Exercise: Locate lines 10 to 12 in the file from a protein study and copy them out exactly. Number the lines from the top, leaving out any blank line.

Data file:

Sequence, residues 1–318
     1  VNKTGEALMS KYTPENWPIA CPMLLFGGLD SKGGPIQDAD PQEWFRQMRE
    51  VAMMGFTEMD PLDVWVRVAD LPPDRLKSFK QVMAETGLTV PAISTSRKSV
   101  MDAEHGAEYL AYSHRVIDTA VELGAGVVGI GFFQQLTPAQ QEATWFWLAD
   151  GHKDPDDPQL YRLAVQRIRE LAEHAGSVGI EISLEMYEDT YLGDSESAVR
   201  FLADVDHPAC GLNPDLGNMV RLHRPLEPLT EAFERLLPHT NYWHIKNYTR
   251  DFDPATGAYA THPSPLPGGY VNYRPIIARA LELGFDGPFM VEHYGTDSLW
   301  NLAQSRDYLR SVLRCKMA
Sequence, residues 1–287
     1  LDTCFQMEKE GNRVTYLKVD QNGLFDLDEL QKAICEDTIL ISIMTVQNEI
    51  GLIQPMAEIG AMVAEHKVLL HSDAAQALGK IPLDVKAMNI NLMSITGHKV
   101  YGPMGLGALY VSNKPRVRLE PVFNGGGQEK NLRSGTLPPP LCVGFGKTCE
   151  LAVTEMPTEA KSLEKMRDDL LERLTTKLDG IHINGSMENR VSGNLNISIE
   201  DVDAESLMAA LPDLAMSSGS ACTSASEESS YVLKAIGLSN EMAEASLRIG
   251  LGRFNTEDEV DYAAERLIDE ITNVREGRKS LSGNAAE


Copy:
     1  LDTCFQMEKE GNRVTYLKVD QNGLFDLDEL QKAICEDTIL ISIMTVQNEI
    51  GLIQPMAEIG AMVAEHKVLL HSDAAQALGK IPLDVKAMNI NLMSITGHKV
   101  YGPMGLGALY VSNKPRVRLE PVFNGGGQEK NLRSGTLPPP LCVGFGKTCE